The treatment usually takes less than 10 minutes. It’s usually painless thanks at large to the anaesthetic drop used to numb your eye before the laser, but you might experience slight discomfort when the laser is being applied.


After the procedure, you will return to the waiting area. Your doctor or nurse will check the eye pressure about one hour later before you are discharged.

Are there any risks associated with a laser iridotomy?

Complications after this treatment are uncommon. Occasionally, your eye pressure will rise immediately after laser treatment. If this happens, you may need extra treatment before you can go home. This treatment usually comes in the form of eye drops, but it comes in the form of tablets too.


Your doctor will let you know which treatment you need and advise you of how long you need to take the treatment for. If we do treat you with eye drops, a doctor or nurse will put them in your eye before you leave the hospital. You will be asked to remain in the clinic until your eye pressure has reduced to a satisfactory level. This should take a few hours at most.


A small number of patients find that extra light enters through the new opening, which can be a little distracting at first. However, most patients find they are soon able to ignore this. Other complications are bleeding in the eye from the laser and inflammation, usually small and can be treated with more frequent steroid drops. In some patients, laser iridotomy alone may not be enough to open the drainage channels and you may require another type of laser or even surgery.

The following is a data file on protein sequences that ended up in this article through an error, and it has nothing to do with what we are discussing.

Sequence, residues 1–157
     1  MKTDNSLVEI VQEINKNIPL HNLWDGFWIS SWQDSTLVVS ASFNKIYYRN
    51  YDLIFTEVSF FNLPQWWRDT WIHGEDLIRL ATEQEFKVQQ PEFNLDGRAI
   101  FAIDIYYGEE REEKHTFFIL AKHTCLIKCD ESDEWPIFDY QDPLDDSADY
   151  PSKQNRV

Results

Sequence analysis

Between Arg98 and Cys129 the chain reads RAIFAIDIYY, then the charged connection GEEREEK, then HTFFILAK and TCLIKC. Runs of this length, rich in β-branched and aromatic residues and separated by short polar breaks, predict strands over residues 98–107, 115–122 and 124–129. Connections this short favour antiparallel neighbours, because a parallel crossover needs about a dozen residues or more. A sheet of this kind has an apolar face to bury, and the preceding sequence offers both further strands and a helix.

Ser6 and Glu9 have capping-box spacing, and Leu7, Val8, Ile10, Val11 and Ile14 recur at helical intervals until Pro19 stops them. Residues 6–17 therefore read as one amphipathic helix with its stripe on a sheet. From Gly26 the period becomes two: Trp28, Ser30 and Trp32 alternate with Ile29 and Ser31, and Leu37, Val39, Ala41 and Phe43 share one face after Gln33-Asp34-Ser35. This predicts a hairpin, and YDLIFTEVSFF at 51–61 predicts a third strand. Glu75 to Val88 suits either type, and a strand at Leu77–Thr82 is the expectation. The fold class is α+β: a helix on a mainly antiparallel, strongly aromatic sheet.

Certain symptoms after surgery could mean that you need to be treated quickly, including:

  • excessive pain
  • loss of vision
  • halos around light
  • the eye becoming increasingly red


Are there any alternatives to laser iridotomy?

An alternative to laser iridotomy is a cataract operation, which is not suitable for everyone. It also carries a greater risk of complications. There are no other alternatives to open up the drainage channels in your eye.


Some patients with this condition also develop a long-term (chronic) rise in their eye pressure. In this case, you may need drops or other treatments in the long-term to keep your eye pressure within safe limits.


Is much aftercare needed?

You will be given steroids drops to be used for one to two weeks and you will be reviewed in the clinic a few weeks later to make sure your eye has responded well to treatment and to see if the treatment was successful. If you have discomfort once you get home, we suggest that you take your usual pain reliever following the instructions on the packet.


It is normal to have gritty, sticky eyelids and mild discomfort for a couple of hours after laser treatment. The eye drops can also take some time to wear off, and you should not be alarmed if your pupils are still small for several hours after treatment.